Genetic basis of hereditary nonpolyposis colorectal carcinoma (HNPCC)

Ann Med. 1994 Jun;26(3):215-9. doi: 10.3109/07853899409147893.


Hereditary nonpolyposis colorectal cancer (HNPCC) represents the most common form of genetic predisposition to colon cancer. Even in kindreds with several affected members it is, however, difficult to rule out chance clustering and other nonhereditary factors since colon cancer is so common in the general population. Similarly, it is impossible to distinguish individual patients with HNPCC from sporadic cases on clinical grounds since neither have polyposis or other specific physical signs. The localization of an HNPCC gene on chromosome 2 in May 1993 provided formal proof that HNPCC is a single gene (Mendelian) disorder. Instability at short tandem repeat sequences (microsatellites) was found to characterize HNPCC tumours. Positional and functional cloning strategies resulted in the identification of the HNPCC gene in December 1993. Interspecies homology suggests that the gene, hMSH2, functions in DNA mismatch repair. These findings provide a theoretical basis as well as practical tools to detect susceptibility to HNPCC cancers.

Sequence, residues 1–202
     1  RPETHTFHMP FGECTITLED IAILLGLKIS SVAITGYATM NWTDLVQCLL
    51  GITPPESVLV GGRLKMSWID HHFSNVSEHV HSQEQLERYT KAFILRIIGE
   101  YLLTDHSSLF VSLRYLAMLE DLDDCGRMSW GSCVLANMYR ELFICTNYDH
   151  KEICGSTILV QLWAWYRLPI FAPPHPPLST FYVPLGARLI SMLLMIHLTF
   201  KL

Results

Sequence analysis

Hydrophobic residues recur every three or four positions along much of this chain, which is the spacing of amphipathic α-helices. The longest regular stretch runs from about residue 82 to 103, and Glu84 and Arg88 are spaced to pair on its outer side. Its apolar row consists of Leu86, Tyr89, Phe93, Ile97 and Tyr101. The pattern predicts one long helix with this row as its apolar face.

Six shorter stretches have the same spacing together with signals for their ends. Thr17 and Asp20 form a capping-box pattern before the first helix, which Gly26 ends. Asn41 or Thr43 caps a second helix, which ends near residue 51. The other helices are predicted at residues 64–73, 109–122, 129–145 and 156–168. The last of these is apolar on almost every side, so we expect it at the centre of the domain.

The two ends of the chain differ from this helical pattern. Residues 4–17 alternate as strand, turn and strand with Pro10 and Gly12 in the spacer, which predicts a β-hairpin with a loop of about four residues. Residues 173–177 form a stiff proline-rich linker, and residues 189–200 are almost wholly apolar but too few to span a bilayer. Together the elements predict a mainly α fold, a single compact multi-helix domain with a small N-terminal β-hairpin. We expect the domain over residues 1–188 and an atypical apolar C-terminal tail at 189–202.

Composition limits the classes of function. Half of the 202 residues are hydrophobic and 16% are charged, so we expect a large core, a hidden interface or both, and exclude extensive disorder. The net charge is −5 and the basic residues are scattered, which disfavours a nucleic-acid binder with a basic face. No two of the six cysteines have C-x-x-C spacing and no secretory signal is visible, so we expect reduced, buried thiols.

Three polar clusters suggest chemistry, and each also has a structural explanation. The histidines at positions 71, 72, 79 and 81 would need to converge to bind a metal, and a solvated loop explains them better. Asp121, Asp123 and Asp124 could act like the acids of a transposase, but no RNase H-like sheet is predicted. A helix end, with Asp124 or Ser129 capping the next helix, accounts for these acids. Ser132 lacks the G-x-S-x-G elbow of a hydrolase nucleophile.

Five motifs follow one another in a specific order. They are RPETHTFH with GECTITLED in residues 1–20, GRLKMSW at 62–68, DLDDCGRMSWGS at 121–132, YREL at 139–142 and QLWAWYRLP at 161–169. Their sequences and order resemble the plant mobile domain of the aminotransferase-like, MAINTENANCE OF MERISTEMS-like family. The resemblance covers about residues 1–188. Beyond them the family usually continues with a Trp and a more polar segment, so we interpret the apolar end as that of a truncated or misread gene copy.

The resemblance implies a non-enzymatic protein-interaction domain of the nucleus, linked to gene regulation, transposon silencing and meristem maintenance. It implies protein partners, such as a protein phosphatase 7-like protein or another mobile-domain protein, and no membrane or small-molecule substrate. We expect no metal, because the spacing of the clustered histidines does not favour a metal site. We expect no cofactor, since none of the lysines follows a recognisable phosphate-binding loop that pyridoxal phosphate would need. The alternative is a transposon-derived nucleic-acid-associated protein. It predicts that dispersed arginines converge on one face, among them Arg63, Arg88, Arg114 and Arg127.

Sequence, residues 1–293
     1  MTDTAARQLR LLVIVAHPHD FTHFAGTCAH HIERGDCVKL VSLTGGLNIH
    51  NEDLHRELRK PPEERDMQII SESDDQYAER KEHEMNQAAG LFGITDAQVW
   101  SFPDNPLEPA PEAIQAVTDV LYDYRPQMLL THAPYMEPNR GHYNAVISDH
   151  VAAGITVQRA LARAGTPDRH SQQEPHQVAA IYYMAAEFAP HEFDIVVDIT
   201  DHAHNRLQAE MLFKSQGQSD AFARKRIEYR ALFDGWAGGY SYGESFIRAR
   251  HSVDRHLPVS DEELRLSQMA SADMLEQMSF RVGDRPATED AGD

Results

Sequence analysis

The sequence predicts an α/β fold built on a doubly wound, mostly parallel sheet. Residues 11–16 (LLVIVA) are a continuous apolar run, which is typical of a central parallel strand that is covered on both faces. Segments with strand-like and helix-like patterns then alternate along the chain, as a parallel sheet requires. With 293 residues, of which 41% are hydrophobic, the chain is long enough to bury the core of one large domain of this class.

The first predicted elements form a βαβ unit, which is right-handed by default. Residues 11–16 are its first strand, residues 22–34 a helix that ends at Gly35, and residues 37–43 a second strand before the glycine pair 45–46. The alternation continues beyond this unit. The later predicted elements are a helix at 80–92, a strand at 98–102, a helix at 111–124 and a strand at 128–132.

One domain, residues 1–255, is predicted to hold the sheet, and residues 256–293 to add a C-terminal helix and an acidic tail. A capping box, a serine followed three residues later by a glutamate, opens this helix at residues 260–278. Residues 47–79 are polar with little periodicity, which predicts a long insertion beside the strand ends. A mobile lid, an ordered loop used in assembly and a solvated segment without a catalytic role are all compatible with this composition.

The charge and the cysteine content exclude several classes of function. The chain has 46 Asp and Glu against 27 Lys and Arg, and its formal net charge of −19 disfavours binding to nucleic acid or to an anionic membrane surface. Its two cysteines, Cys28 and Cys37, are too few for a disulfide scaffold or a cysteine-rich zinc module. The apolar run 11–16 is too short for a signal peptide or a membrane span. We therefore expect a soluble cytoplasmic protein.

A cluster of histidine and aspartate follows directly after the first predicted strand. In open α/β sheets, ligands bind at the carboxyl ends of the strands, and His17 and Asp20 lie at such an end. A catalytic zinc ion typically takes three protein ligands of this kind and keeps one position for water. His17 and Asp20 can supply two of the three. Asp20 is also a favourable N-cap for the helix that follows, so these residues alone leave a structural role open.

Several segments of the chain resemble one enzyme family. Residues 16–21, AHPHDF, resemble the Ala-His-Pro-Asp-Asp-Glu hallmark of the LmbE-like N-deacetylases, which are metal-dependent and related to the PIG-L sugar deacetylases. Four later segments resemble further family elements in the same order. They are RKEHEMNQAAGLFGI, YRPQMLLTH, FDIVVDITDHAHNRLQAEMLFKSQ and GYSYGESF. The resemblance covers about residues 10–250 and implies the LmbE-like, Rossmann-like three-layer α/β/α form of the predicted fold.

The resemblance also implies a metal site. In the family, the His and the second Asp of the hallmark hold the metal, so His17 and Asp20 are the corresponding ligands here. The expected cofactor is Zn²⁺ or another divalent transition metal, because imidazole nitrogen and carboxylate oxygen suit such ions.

Publication types

  • Research Support, Non-U.S. Gov't

MeSH terms

  • Chromosome Mapping
  • Colorectal Neoplasms, Hereditary Nonpolyposis / diagnosis
  • Colorectal Neoplasms, Hereditary Nonpolyposis / genetics*
  • DNA, Satellite / genetics
  • Genetic Testing
  • Humans
  • Pedigree


  • DNA, Satellite